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Talk of "Lucky" 7s is "Foolishness," Prof. Woody Dudley Tells Miami Herald

July 7, 2007

underwood dudley.jpgJuly 7, 2007, Greencastle, Ind. - "What's all this about the number seven anyway? Is it really lucky?," writes Fred Tasker in today's Miami Herald. "Ask Underwood 'Woody' Dudley, a Ph.D. mathematician retired from DePauw University and author of the book Mathematical Cranks (Spectrum, 1992). 'It's all foolishness,' he says. `Just as foolish as astrology.'"

In his 07-07-07 article, Tasker continues, "Number mysticism, the attempt to create insights into the universe, reaches back to the ancient Greeks, (Dudley) says. Modern numerology, putting that mysticism to practical use by asking numbers to guide peoples' lives, was invented around 1900 by Josephine Balliett, a philosopher from Atlantic City, N.J., he says. Balliett wrote about the philosophy of numbers, their tones and colors, number vibrations and such."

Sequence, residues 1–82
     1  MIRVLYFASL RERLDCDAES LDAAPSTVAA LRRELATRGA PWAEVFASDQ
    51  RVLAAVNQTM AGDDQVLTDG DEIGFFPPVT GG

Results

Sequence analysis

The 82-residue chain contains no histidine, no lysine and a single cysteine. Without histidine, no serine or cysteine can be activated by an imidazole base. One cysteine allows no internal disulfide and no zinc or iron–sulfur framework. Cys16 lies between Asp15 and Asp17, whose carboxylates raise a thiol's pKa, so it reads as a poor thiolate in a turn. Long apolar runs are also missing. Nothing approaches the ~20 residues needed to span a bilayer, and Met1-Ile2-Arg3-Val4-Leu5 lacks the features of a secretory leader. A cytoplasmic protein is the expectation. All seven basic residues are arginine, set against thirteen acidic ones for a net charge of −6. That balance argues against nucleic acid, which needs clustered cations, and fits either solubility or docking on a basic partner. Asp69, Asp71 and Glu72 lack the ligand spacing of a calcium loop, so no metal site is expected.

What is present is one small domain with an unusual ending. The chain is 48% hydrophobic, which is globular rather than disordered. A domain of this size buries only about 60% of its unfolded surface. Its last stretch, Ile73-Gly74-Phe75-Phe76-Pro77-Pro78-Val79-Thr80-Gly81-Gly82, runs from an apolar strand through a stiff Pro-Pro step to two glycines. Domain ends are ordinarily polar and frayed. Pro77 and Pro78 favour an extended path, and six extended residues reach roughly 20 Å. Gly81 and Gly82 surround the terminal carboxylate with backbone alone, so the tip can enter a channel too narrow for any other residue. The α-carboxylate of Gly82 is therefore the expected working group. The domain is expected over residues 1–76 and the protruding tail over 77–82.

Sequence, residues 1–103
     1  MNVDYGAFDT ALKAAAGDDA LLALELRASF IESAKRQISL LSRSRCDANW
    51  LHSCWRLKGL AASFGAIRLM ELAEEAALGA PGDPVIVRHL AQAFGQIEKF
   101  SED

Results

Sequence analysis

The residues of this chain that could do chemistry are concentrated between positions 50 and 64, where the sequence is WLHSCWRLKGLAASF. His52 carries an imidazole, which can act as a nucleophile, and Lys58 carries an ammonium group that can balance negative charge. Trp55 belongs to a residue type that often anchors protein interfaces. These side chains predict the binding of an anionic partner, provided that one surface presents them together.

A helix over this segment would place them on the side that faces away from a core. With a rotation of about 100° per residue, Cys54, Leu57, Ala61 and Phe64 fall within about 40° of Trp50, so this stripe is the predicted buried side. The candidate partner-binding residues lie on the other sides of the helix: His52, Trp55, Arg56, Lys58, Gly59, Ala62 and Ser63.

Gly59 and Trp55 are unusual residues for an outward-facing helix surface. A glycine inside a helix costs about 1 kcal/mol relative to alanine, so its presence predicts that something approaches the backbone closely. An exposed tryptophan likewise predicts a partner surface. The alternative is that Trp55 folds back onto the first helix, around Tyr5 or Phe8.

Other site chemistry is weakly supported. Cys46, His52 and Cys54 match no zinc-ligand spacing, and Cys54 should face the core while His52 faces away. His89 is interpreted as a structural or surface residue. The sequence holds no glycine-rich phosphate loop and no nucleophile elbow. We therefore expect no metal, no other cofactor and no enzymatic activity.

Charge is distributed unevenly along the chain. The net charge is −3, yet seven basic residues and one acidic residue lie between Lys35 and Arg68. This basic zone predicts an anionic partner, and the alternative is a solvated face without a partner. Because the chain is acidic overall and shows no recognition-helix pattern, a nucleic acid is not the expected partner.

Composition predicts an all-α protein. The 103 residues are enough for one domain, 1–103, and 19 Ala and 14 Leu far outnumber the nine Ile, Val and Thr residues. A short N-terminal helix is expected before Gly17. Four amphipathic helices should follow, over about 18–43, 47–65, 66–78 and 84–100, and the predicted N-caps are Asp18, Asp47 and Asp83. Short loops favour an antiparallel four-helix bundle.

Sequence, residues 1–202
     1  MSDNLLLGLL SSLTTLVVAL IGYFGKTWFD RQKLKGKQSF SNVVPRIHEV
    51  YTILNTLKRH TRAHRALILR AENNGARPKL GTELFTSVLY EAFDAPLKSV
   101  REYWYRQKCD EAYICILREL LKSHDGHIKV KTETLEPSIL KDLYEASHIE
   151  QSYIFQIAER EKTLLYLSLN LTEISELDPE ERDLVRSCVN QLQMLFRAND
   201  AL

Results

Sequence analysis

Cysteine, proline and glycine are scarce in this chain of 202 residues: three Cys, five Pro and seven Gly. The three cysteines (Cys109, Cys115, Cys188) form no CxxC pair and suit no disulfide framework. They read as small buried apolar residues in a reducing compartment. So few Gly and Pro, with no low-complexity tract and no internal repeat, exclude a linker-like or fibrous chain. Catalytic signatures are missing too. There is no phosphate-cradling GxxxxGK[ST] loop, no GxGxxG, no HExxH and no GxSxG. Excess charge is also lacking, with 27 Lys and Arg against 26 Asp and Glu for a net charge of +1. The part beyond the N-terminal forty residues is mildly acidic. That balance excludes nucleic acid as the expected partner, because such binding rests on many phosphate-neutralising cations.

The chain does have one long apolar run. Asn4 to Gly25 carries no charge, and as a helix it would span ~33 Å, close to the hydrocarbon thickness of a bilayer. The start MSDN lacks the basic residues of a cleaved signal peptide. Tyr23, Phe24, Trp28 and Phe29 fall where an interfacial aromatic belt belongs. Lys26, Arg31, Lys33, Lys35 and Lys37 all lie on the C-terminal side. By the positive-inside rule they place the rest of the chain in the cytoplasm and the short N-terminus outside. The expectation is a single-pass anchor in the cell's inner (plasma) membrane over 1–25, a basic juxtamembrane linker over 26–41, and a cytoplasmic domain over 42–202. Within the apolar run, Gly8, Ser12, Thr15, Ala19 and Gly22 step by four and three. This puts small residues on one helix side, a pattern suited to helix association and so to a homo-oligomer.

Dr. Dudley, professor emeritus of mathematics who taught at DePauw from 1967 to 2004, tells Lucky Seven Dice.jpgthe Florida newspaper that Balliett "had the idea of assigning numbers to people and things, just like astrological signs telling them whom to marry. It probably doesn't do any harm, unless it tells you you shouldn't marry somebody because he doesn't have the right number."

Access the complete text at the Herald's Web site.

Woody Dudley was quoted in another story on "lucky sevens" which appeared on MSNBC.com Tuesday. He discussed mathematical "cranks" in this 1986 article.

Source: Miami Herald

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